Robert Mugabe’s sacking makes way for hope in Zimbabwe—and uncertainty

The writing is on the wall.
The writing is on the wall.
Image: AP Photo
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Robert Mugabe has been fired as head of the Zanu-PF party, marking the end of his 37-year grip on power in Zimbabwe, and even longer at the helm of the ruling party. Mugabe was fired on Sunday (Nov. 19) and his wife, first lady Grace Mugabe, was expelled from the party for inciting division.

Mugabe was replaced by Emmerson Mnangagwa, the deputy president whose axing was the catalyst for this extraordinary moment in Zimbabwean history. Mnangagwa was nominated to stand in as interim president and will be the party’s presidential candidate for next year’s general election.

Following the party resolution at an emergency Zanu-PF meeting, Mugabe has until Monday noon local time to resign from his position as state president, said Patrick Chinamasa, the former finance minister who was shuffled to the cyber security department. If Mugabe fails to resign, the party promised to impeach him.

Like any 93-year-old, Mugabe nodded off often and struggled to maintain his health, and yet he seemed immortal. He’d resisted stepping down as president for over a decade, using questionable election results and brute force to stay in power. Citizens tried and failed to force him to step down.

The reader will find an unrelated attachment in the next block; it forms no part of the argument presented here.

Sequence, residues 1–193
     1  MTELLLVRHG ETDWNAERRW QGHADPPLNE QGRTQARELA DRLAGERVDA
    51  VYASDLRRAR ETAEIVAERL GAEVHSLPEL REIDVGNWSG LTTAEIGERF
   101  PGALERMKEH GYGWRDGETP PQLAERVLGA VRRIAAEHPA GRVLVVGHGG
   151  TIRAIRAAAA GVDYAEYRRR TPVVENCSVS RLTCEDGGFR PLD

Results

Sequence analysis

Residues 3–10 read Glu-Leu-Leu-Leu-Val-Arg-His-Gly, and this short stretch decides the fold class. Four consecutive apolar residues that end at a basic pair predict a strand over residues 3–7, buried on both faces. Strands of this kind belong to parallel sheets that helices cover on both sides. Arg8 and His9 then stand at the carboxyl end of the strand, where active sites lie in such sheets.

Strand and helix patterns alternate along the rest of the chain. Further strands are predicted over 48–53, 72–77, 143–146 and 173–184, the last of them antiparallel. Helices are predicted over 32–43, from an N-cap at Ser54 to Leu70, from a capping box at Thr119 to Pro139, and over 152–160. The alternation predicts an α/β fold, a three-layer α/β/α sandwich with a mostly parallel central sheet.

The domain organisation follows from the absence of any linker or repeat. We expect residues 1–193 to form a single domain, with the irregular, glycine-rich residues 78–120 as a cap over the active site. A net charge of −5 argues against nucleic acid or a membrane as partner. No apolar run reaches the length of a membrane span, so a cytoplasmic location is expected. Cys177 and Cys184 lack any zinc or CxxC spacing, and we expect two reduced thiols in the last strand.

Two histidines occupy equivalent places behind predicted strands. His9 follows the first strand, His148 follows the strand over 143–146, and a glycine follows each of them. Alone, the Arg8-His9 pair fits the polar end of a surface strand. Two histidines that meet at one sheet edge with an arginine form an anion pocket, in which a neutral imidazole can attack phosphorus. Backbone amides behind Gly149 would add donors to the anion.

Then, the military that had propped him up for years pulled him from power in a surprise move on Nov. 14. The military has, without a sense of irony, said that they are intervening specifically to stop Grace Mugabe’s ascension to power. Their intervention was triggered by Mnangagwa’s removal—pushed aside in a “bedroom coup.” Sidelining political rivals is a move that has served Mugabe well throughout his political career, but this time, he overestimated his power. Mnangagwa has returned to Harare, and Grace Mugabe has yet to surface in public.

Rather than imprison or expel him to South Africa, the generals tried to negotiate with Mugabe, during which they continued to honor him with the title “Commander-in-Chief.” Seemingly isolated, Mugabe clung to power, telling the world that his people still love him. A mass demonstration on Saturday (Nov. 18), sought to prove otherwise.

Thousands of Zimbabweans celebrated his departure, even though Mugabe has not yet formally left office. Independent Zimbabwe knows no other leader. He has taken the country to great heights, and heartbreaking lows. There was a time when being Zimbabwean meant a future in “Africa’s breadbasket,” raised in what was arguably the continent’s best public education system, and contributing to a stable and thriving economy.

Today, it means navigating a broken system, trading “zombie” bond notes, while hoarding US dollars because the Zimbabwean dollar means more as a memento of a bygone era. Those who stay face food insecurity, while others cross into neighboring countries where they are often seen as a burden, despite the skills they offer. Perhaps now, they may finally return.

For now, however, hope is tinged with uncertainty. Will the military truly relinquish its power to the people? Is Mugabe’s longtime ally turned foe really the man to bring change? And will the opposition, beaten down for so long, finally find strength? One thing is sure though, this marks the end of Robert Mugabe.